Can My Child Get Accommodations for AP Testing?

By Jenn Osen-Foss, MAT

Question:

Can kids get testing accommodations on AP exams like they do with PSATs and SATs? If so, can you walk me through what I need to do?

Answer:

Yes, it’s definitely possible to get on an AP exam. There are two routes you can take to get them.

Has your child already qualified for accommodations on the SAT or PSAT? If so, then she’s already approved for AP exams. That’s because the College Board administers all three of these tests—the SAT, PSAT and AP exams.

If your child hasn’t applied yet for accommodations on any of these tests, she can apply for them on her own. But this process can be confusing.

My advice is to ask the school to do it for you. The school’s coordinator of Services for Students with Disabilities (SSD) can submit the required paperwork. This person may be a special educator, guidance director or a counselor.

If your child’s request for accommodations is approved, she’ll be given an SSD number. She needs to use this number every time she registers to take tests that are given by the College Board.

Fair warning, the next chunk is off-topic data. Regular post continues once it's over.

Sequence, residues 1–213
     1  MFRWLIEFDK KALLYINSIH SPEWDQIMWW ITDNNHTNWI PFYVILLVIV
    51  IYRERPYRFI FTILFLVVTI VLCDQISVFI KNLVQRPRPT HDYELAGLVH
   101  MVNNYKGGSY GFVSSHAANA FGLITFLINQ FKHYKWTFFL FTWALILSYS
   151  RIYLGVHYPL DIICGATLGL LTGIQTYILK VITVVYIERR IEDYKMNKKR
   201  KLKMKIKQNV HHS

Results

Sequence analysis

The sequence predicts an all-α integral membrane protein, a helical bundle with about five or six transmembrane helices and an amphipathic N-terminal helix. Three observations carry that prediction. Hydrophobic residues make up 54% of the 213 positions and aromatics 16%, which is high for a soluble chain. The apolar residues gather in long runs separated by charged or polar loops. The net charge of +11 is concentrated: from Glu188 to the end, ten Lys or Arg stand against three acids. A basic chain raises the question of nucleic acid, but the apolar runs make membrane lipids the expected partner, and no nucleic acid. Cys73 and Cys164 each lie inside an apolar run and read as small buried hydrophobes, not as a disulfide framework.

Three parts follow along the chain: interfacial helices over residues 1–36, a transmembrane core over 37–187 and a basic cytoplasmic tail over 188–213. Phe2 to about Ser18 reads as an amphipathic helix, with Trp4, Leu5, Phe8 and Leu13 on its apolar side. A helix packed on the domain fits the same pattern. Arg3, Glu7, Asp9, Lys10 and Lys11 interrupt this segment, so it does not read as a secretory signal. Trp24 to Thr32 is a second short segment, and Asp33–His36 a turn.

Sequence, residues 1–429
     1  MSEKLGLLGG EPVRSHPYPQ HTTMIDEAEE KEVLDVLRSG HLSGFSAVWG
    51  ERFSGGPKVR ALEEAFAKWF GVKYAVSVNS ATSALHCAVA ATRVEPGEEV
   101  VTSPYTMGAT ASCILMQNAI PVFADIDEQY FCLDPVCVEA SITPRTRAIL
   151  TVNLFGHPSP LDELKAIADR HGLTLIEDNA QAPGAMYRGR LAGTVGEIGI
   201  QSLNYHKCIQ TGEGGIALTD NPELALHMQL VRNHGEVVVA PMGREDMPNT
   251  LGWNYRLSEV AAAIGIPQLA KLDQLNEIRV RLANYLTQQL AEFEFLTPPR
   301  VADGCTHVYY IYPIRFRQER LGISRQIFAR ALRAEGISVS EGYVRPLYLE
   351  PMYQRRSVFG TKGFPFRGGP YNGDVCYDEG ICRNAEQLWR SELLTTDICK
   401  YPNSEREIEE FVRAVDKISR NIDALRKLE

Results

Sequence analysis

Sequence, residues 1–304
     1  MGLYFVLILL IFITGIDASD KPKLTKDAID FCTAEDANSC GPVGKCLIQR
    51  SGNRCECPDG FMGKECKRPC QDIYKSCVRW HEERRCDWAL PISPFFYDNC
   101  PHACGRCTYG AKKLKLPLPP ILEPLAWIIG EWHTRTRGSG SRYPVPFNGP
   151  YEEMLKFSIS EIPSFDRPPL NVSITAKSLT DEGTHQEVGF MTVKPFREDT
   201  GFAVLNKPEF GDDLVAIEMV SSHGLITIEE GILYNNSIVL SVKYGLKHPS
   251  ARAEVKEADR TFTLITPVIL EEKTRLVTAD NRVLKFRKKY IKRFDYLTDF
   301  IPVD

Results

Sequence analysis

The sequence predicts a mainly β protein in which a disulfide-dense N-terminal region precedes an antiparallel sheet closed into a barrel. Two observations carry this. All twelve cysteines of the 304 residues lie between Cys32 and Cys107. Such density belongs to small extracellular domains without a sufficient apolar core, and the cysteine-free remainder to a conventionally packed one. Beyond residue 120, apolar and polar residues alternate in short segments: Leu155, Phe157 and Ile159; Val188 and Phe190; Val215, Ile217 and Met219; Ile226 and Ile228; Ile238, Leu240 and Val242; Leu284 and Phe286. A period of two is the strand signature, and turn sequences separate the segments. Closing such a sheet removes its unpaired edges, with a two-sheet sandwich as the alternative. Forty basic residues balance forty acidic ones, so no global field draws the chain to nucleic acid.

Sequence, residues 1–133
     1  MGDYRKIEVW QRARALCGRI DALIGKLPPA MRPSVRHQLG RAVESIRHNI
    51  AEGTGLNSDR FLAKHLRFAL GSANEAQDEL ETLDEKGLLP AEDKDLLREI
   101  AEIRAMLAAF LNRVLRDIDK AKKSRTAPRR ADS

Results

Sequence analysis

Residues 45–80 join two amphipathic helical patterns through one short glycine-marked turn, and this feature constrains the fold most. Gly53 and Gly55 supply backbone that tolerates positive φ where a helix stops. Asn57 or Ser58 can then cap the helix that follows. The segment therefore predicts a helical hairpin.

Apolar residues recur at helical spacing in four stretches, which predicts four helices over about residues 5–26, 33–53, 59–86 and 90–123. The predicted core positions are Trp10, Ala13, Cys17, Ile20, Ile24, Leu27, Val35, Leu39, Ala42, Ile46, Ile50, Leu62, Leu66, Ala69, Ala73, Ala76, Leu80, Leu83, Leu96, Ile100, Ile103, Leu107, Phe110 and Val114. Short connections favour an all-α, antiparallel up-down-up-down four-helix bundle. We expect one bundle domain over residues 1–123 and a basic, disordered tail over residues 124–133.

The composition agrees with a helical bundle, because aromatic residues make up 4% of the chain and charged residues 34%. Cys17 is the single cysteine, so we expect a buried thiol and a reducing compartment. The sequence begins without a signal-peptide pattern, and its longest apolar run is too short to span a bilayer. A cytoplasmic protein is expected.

For AP tests, she’ll also need to notify her school about her approval for accommodations. The school will need to make proper arrangements to provide the accommodations.

I highly recommend applying for accommodations as early as possible. Ninth or tenth grade would be great. I also recommend starting this process as early in the school year as possible.

That’s because once you or the school submit the accommodations request, it can take seven weeks to be approved. And those seven weeks don’t include the time it takes to get all the material required to submit the request! That process can take several weeks too.

AP tests take place in May. So to be safe, it’s good for you or for the school to try to submit all the documentation the College Board needs by mid-February.

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    About the author

    About the author

    Jenn Osen-Foss, MAT is an instructional coach, supporting teachers in using differentiated instruction, interventions, and co-planning.